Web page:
See here for some background. Let’s state up front again that elected officials routinely game the “home address” requirement, with far less scrutiny. Let’s also state that the election process for many utility districts is a sham, again with far less attention and outcry than a few votes with PO box addresses. We could be a little more consistent about this sort of thing, is what I’m saying.

Having said all that, let’s talk about why some people might legitimately not want to put their residential address on their voter registration. Some people are dealing with stalkers and abusive exes, and thus do not want their home locations to be publicly searchable. Some people are homeless, or in transitional situations. Some people may be on temporary assignments out of state or out of the country. I have a friend from college who spent several years as a road-warrior employee for a company that provided software and training services for law firms. She literally lived in hotels or at friends’ houses year-round, and used her employer’s New York office as her mailing address. Some people live in Winnebagos and drive around the country.

I would argue that all these people have a right to vote that should not be challenged by some busybody party apparatchiks. It may be that some folks have dishonorable reasons for not using a “true” residential address on their registrations, but let’s keep some perspective here. Four thousand of them may sound like a lot, but there are 2.3 million registered voters in Harris County, so we’re talking less than 0.2% of the total. It’s basically a rounding error, even if you refuse to grant that there are any legitimate reasons for doing this. Maybe instead of obsessing over this tiny number of technical violations, we could grant ordinary voters the same deference we insist on giving elected officials when it comes to where they say they live.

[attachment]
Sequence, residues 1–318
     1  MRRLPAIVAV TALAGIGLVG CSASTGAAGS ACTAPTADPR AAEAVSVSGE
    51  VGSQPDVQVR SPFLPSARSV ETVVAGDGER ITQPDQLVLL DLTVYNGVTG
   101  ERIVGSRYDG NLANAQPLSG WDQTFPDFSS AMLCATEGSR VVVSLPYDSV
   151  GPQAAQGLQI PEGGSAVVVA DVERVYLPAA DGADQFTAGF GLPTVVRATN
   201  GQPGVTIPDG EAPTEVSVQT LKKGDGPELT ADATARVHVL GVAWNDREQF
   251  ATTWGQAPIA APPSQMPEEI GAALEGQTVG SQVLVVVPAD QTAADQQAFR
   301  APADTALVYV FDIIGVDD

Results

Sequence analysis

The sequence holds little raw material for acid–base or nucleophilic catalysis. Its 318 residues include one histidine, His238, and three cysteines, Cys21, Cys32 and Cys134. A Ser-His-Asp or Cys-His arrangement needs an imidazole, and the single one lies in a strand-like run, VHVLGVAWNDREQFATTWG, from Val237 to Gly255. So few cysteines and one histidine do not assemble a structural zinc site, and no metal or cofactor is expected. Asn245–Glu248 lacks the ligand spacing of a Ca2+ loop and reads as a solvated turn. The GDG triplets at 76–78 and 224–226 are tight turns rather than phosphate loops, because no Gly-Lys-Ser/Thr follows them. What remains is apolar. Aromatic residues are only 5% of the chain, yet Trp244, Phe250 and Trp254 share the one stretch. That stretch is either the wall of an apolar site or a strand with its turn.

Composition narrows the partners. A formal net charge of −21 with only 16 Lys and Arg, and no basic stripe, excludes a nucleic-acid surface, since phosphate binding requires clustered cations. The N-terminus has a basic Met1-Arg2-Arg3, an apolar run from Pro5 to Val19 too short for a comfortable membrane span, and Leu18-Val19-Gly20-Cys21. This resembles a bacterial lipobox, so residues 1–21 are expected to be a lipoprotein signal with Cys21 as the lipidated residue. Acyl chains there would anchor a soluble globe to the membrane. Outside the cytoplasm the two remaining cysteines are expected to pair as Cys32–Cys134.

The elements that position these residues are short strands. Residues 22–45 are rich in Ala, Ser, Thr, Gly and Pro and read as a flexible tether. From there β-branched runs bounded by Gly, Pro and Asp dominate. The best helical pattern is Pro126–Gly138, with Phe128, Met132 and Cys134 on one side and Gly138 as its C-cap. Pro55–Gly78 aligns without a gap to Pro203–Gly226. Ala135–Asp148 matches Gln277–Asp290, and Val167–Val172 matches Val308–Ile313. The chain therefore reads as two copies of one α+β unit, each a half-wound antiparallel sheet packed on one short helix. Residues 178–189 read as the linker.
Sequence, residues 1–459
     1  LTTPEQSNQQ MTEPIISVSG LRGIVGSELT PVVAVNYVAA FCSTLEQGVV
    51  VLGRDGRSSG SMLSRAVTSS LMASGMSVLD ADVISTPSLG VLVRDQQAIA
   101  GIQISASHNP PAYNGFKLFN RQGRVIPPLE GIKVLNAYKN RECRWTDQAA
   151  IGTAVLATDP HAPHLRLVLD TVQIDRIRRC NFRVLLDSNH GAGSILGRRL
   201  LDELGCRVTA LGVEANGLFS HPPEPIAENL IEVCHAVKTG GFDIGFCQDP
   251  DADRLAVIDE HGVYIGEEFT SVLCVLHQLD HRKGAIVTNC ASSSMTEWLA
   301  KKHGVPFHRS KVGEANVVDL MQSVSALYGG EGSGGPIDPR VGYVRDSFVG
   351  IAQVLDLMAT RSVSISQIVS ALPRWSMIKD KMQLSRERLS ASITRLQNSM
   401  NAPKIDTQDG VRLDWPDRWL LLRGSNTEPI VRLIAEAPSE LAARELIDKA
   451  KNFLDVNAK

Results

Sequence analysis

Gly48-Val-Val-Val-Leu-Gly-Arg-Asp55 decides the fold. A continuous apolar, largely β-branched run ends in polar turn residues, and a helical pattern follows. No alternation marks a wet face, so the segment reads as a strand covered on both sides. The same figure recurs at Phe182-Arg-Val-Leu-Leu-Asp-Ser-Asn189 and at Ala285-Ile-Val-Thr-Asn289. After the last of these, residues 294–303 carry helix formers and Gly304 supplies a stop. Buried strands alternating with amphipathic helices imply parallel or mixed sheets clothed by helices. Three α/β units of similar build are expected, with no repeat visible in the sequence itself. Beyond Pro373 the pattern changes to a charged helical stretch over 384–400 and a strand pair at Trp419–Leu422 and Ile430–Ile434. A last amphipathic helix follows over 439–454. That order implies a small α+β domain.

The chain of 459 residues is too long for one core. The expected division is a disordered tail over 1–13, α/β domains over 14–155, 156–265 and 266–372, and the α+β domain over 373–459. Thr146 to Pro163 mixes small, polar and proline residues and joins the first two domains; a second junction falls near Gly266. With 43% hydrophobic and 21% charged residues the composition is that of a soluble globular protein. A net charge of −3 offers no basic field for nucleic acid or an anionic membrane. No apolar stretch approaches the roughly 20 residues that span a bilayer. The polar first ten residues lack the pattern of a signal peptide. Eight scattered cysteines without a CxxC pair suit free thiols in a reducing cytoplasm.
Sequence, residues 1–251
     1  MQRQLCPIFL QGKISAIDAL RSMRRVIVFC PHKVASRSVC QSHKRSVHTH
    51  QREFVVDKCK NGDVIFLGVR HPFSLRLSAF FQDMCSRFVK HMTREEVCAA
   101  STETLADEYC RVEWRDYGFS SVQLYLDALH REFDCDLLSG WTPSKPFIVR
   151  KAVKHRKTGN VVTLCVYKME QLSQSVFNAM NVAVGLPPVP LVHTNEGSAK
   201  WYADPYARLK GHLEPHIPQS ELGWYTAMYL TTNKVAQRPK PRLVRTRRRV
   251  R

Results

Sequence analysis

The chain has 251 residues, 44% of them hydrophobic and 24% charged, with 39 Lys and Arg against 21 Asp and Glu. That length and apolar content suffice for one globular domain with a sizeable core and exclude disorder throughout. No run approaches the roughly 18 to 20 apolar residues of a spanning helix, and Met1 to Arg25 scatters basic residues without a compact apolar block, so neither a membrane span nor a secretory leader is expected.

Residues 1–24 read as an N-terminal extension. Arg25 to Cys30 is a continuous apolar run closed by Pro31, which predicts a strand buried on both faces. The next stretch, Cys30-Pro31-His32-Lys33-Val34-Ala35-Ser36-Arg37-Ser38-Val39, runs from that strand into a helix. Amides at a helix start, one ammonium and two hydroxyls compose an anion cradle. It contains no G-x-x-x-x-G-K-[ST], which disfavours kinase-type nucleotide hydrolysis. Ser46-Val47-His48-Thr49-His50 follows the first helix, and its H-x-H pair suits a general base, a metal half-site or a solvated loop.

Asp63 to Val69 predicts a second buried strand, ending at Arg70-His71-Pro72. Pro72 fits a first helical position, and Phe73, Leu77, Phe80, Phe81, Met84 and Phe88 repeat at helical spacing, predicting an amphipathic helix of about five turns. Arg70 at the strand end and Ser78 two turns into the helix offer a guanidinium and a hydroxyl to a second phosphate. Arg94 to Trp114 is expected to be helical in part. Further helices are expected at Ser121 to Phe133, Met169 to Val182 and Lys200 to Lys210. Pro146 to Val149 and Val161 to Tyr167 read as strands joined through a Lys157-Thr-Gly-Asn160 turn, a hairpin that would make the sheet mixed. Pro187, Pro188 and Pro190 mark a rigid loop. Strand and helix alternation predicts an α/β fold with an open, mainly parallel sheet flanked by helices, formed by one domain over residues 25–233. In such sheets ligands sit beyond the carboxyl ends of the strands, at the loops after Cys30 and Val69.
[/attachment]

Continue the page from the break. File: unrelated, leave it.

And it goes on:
(If instead we want to crack down on elected officials with dubious residential situations, I know who I’d start with. But we both know that’s not going to happen.)

Interview with Sarah DeMerchant

Sarah DeMerchant

Back to the State House, and over to Fort Bend County, where there are three elections of interest this year. Fort Bend trended Democratic in 2016, and you can see that reflected in the State Rep districts. HD26 is the epicenter of Democratic growth in Fort Bend, and candidate Sarah De Merchant is back for a second attempt at taking it. DeMerchant has a degree in Computer Information Systems and a professional background in software development. She is involved in numerous community organizations and volunteered on the Wendy Davis and Barack Obama campaigns in past years. Here’s the interview: